Bernie Sanders and the convention planners made the wise choice to let small percentage of Sanders voters, who weren't ready to shift their support to Clinton, have their voices heard. Sanders did some behind the scenes work, but the important thing was having the roll call vote. This allowed each state to place their actual votes in the record -- so many votes for Bernie Sanders, so many votes for Hillary Clinton.
The Vermont delegation passed, letting the few remaining alphabetical states record their votes. Then it came back to Vermont. After their votes were recorded, then Sanders took the mic and asked that the votes be entered into the record. And then he moved that Hillary Clinton be nominated by acclamation. And they did, loudly and spiritedly.
In describing what the evening was like after that, Nicole Wallace, Republican campaign manager from the John McCain campaign and now MSNBC commentator, responded to Rachel Maddow's question: "Is the mood in the hall completely transformed from what we saw last night? Absolutely." The hall felt united, and it didn't feel like suppression of dissent as much as final acceptance.
The evening speeches were many and varied, but they were all personal accounts of people whose lives had been touched and changed for the better by Hillary Clinton. This ranged from kids who had benefited from her work for family, educational, health care and disabilities programs -- to a group of mothers of young black people who have died from encounters with police officers or in jail. We began to see a side of Hillary Clinton that is not known if you only watch TV news or listen to Republican politicians. I learned many things that I didn't know she had done, even though I follow politics and the Clintons pretty closely.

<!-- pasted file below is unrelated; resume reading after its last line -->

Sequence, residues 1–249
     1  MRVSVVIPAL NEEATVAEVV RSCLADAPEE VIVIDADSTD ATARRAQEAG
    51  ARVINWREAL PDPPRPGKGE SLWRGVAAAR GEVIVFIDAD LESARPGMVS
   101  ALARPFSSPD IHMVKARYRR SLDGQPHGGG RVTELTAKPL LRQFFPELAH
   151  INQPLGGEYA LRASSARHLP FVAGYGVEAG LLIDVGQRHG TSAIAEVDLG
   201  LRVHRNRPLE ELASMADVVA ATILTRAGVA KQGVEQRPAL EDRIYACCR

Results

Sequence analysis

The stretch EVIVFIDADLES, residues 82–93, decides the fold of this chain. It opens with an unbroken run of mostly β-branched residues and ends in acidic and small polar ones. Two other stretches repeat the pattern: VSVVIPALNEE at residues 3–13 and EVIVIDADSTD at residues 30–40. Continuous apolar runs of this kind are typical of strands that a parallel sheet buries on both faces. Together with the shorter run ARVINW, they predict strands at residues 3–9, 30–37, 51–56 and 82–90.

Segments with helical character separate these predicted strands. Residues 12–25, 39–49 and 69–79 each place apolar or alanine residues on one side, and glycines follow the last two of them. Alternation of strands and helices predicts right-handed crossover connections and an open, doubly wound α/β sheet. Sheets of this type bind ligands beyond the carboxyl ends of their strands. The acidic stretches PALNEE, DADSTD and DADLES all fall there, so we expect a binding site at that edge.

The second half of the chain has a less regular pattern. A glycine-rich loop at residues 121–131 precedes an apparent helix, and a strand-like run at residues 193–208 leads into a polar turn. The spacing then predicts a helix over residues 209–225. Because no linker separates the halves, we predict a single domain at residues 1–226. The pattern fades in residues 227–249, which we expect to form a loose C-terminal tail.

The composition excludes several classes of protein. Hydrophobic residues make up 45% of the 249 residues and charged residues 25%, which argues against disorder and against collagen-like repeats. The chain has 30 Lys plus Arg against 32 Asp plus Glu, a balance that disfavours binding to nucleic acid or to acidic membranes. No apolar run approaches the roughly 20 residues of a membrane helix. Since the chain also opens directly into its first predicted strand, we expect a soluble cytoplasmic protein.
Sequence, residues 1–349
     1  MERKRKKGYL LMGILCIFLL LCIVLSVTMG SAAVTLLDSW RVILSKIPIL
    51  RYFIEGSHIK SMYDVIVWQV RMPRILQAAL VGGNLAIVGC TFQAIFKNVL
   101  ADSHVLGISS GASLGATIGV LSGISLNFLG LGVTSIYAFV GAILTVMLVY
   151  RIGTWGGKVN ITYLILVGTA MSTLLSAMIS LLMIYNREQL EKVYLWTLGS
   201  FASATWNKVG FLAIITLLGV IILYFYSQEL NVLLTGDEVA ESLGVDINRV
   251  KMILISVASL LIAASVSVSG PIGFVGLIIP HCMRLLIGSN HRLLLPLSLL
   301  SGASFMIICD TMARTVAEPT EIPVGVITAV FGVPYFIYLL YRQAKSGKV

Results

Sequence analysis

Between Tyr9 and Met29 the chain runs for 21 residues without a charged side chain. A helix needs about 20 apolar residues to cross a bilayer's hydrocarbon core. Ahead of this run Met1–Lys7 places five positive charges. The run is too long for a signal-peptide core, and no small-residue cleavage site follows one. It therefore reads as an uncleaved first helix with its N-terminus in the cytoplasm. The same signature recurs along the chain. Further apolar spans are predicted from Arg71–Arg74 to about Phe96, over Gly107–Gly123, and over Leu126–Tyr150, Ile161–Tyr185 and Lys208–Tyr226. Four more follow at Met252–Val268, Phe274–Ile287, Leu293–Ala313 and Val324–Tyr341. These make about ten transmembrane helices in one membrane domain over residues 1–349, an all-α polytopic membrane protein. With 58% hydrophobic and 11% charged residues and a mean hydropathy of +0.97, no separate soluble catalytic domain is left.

And then Bill Clinton gave an even more fulsome picture of Hillary and her dedication to helping make people's lives better -- from rural America to taking on the sexual trafficking of women and girls around the world. He also painted the picture of his and Hillary's early life in a very personal way -- their first house in Arkansas that was "1100 square feet, with an attic fan and no air conditioning -- to show that they had humble beginnings too."
We saw the warm, human, caring side. Not just the work she did to start programs to help people with disabilities, but the personal account by a young man she met while working on this, who she has kept up with for 15 years and how she remembers to ask about some detail of his life from when she talked with him years before.
Bill summed up with the major question: Which is the real Hillary? What we've been hearing today and what I've told you? Or the "cartoon" Hillary painted by her opponents last week? You the audience have the choice. And by your vote to nominate her, you have chosen the real Hillary. And you have made the right choice.